Eduardo Chillida was a Spanish artist born in 1924 in San Sebastian, Spain. Known for his colossal public installations, he worked principally with iron, wood and steel. Chillida was interested in abstraction, using connected geometric shapes that he would morph into imposing works. The tension between natural and unnatural, line and curve, and the shapes and contours of a space are at the heart of his work.
Chillida studied architecture at the university of Madrid before moving to Paris in 1948 and turning to the fine arts. He made his first plaster sculpture Forma there and exhibited at the Salon de Mai in 1949 before making his first sculpture in iron, Ilarik. He returned to Spain in the 1950s, taking a particular interest in landscapes and the different possibilities linked to the space that a work inhabits. His first solo exhibition was held at the Maeght Gallery in 1956.

His Gravitations were a revelation in his creative process in relation to his work with paper. They were considered to be « paper surfaces » or « carved sculptures in paper. » These works were made from sheets of paper superimposed and suspended. Up until the mid 1960s, Chillida worked with materials such as iron and wood. His inclusion of a new material, alabaster, which was more malleable, led to more luminous and diaphanous pieces.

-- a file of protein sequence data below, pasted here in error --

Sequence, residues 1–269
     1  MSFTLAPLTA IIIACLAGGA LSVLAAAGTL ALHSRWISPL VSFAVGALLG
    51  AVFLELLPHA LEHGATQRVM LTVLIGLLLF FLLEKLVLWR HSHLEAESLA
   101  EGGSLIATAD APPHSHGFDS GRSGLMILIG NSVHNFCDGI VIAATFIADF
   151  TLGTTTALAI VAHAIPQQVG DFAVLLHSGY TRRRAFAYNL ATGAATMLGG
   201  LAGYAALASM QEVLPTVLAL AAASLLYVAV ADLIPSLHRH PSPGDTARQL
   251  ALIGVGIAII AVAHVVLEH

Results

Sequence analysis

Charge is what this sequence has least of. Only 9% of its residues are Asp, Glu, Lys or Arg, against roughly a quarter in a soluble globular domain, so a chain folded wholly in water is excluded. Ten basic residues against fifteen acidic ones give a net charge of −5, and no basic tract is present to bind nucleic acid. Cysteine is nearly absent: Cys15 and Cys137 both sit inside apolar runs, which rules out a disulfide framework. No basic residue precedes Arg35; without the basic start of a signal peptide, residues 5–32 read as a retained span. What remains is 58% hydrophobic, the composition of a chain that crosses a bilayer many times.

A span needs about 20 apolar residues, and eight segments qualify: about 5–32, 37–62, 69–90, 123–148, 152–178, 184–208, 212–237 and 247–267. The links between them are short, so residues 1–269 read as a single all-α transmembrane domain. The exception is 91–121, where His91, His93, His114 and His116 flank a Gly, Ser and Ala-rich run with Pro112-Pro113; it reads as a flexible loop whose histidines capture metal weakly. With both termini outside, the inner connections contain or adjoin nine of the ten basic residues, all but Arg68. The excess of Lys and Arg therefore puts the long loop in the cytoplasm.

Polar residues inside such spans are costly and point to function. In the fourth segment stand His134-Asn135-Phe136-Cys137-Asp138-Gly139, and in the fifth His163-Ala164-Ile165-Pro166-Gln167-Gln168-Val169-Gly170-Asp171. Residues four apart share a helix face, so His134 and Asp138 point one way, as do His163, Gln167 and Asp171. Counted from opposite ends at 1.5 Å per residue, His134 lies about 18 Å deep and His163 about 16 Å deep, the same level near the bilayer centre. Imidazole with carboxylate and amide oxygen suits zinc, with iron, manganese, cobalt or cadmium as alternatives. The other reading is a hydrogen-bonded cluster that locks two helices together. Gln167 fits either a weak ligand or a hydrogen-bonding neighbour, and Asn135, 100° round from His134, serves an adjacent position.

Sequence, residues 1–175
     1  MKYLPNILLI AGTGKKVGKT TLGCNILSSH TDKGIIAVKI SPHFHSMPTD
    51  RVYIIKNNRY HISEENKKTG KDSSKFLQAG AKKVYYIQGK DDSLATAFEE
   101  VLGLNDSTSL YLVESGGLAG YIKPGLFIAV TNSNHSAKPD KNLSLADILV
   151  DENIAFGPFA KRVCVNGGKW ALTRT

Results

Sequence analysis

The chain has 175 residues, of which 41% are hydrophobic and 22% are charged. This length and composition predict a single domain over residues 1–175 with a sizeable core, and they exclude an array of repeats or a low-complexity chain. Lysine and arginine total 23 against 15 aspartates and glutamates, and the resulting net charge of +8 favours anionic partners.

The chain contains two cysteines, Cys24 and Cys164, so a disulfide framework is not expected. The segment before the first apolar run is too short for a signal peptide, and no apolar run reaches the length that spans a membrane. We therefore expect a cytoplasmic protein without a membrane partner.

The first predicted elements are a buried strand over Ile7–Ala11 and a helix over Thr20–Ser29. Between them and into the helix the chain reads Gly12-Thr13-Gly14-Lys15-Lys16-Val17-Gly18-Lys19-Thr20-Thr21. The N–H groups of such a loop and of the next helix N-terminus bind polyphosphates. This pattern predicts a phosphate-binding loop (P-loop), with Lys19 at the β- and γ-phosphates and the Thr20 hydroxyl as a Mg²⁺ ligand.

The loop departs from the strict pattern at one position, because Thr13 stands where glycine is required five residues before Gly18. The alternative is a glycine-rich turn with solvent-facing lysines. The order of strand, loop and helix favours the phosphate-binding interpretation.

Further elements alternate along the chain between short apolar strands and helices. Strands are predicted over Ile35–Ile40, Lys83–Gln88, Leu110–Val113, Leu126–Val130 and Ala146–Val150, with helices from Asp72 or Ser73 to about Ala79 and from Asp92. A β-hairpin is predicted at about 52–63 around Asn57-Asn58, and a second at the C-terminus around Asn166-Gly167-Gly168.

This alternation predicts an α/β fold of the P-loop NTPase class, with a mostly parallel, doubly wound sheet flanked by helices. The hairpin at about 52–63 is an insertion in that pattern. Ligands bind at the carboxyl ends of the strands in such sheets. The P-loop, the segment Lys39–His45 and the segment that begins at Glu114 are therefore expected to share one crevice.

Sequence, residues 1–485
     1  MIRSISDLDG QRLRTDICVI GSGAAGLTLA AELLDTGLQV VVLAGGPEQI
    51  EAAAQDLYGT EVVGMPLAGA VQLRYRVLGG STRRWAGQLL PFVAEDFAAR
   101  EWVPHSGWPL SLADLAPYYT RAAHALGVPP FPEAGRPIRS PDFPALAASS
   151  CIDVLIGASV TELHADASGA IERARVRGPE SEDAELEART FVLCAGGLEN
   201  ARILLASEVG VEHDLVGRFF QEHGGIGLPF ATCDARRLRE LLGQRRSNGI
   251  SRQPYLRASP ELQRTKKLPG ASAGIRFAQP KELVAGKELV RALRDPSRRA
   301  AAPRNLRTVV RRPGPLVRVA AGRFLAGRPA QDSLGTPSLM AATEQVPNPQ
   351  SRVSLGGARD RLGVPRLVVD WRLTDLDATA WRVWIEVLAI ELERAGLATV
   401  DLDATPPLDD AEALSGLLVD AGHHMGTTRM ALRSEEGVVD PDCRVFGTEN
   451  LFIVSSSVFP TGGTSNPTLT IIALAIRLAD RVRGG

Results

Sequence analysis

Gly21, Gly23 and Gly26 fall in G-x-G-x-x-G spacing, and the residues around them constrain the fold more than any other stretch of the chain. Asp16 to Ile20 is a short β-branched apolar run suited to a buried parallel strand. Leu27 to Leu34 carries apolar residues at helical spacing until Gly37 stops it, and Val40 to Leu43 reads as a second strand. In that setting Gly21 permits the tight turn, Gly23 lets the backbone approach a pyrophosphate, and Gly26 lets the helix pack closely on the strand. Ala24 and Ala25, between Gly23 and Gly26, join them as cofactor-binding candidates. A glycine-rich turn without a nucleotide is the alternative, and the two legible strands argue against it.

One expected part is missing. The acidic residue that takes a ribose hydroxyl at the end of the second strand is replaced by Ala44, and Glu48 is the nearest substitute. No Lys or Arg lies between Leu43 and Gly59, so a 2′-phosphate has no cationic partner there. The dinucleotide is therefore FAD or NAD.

Chillida was awarded the Grand Prix International for sculpture at the Venice Biennale in 1958 and the Kandinsky prize in 1960. His own museum ‘Museo Chillida-Leku’ was created in 2000 in Hernani, Spain. Retrospectives of his work have been organized in Berlin, Madrid, Caracas, London, Palermo or even at the Bilbao Guggenheim. During his career, as demonstrations of respect and admiration, the artist made multiple tributes to artists he felt connected to such as Alexander Calder, Georges Braque, Cy Twombly, Joan Miró amongst others.
He died in August 2002 in San Sebastian.